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C. E. Dorman and C. D. Winant

Abstract

The Santa Barbara Channel is a region characterized by coupled interaction between the lower-level atmosphere, the underlying ocean, and the elevated topography of the coastline. The nature of these interactions and the resulting weather patterns vary between summer and winter.

During summer, synoptic winds are largely controlled by the combined effect of the North Pacific anticyclone and the thermal low located over the southwestern United States, resulting in persistent northwesterly winds. A well-defined marine atmospheric boundary layer (MABL) with properties distinct from the free atmosphere above is a conspicuous feature during the summer. The wind has different characteristics in each of three zones. Maximum winds occur in the area extending south and east from Pt. Conception (zone 1), where they initially increase as they turn to follow the coast, then decrease farther east. Winds are usually weak in zone 2, located in the easternmost part of the channel, offshore from the Oxnard plain. Winds are also weak in zone 3, sometimes reversing to easterly at night, in a narrow band located along the mainland coast. Summer air temperature at the surface follows the SST closely and varies significantly with location. Summer sea level pressure gradients are large, with the lowest pressure occurring on the northeast end of the Santa Barbara Channel. Diurnal variations are strongest in summer, although the modulation is weakest in zone 1. The diurnal variation is parallel to the coast in all of zone 3 but the Oxnard plain, where it is perpendicular to the coast. The height of the marine layer varies between 300 m in late afternoon and 350 m in late morning.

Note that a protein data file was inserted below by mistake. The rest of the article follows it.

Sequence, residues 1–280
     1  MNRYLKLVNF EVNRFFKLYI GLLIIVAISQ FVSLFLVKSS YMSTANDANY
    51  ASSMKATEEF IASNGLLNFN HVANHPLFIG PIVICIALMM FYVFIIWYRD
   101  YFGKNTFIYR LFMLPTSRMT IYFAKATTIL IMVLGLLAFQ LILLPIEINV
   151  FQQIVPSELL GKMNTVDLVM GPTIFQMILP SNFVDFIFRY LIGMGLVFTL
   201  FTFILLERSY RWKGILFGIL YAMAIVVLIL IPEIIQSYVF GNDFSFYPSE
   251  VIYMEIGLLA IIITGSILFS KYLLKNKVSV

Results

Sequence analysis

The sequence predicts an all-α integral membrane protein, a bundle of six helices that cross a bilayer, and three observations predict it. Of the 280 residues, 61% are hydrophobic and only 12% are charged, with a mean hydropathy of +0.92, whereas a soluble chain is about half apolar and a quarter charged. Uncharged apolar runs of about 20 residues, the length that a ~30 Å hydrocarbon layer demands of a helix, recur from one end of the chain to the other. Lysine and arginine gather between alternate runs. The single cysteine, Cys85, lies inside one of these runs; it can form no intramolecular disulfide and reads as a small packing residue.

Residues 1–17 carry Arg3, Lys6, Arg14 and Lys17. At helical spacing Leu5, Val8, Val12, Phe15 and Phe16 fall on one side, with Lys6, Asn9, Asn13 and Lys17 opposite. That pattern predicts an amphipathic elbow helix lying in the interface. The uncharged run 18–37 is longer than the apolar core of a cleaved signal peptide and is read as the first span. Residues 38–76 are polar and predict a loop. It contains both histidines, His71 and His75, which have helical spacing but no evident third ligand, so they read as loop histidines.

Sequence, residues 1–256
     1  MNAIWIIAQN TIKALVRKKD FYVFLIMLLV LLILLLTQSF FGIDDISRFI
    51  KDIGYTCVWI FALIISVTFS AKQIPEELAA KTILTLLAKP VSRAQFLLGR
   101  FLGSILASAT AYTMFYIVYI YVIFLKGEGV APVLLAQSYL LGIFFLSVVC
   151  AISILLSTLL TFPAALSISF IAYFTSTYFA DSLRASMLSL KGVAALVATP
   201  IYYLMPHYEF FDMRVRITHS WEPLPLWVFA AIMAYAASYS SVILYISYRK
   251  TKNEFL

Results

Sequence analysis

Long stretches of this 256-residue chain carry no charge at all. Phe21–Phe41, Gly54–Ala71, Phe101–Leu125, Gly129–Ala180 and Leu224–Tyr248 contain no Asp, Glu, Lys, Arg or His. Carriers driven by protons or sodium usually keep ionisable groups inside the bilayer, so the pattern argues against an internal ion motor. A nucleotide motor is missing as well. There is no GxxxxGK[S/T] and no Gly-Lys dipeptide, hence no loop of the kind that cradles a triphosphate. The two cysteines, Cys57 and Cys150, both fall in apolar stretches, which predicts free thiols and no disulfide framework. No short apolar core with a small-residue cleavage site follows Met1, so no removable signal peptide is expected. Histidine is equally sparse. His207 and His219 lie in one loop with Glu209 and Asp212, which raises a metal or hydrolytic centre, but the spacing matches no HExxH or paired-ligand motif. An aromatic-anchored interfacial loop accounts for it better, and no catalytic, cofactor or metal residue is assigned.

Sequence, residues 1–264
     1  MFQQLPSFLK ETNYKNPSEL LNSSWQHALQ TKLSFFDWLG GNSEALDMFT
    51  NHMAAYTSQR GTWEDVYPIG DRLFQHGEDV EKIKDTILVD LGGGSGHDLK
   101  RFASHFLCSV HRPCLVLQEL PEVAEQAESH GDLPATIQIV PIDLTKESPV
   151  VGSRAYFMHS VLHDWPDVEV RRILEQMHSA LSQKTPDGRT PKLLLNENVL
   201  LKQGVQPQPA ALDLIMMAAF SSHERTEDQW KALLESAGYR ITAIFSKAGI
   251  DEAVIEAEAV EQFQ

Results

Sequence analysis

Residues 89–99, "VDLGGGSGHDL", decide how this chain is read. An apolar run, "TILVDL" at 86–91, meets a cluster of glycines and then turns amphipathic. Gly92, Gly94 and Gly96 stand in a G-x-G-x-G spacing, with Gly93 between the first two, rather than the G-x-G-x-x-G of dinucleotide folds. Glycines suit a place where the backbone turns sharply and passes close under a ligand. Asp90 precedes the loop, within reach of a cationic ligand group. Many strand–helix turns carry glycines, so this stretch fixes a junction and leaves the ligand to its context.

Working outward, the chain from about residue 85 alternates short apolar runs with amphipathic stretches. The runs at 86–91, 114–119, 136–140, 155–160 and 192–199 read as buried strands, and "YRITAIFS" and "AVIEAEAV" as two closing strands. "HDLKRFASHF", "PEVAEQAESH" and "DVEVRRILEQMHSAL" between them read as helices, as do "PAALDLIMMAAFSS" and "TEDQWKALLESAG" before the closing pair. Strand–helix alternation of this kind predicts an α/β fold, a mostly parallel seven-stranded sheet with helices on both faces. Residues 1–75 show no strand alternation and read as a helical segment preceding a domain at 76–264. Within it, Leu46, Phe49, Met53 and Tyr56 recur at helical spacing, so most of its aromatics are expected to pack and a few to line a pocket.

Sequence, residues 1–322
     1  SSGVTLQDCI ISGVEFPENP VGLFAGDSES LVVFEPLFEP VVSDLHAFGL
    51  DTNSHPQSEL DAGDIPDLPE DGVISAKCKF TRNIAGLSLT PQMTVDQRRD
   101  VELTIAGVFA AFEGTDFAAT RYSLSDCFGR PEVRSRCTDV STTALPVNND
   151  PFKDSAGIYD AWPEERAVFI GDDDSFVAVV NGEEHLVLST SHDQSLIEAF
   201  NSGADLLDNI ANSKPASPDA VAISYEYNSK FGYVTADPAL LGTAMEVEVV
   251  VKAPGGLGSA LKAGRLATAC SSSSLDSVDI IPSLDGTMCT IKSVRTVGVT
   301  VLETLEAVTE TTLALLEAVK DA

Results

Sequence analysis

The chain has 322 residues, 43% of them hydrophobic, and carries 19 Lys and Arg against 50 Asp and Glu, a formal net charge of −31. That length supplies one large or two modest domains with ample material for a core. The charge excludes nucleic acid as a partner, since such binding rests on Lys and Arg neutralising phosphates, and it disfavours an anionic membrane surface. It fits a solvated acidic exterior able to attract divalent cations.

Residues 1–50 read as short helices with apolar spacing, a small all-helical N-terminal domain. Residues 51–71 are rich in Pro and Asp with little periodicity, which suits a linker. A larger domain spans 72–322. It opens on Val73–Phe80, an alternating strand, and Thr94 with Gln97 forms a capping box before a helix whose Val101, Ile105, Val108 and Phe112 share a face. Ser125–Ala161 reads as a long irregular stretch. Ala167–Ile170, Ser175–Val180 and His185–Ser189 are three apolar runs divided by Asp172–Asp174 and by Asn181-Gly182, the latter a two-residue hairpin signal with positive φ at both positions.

In winter, synoptic conditions are driven by traveling cyclones and sometimes accompanied by fronts. These are usually preceded by strong southeast winds and followed by strong northwest winds. Atmospheric parameters are distributed more uniformly than in summer, and diurnal variations are greatly reduced. Sea level air temperature and pressure are more spatially uniform than in the summer.

Spatial variations in the observed fields in the summer are consistent with a hydraulic model of the MABL as a transcritical expansion fan. The summertime situation is governed by a coupled interaction between the atmosphere and the underlying water. The ocean influences the density of the MABL to the extent that it behaves distinctly from the free atmosphere above, resulting in strong winds polarized in the direction parallel to the coast. In turn, these winds provoke an upwelling response in the coastal ocean, which in part determines the surface properties of the water.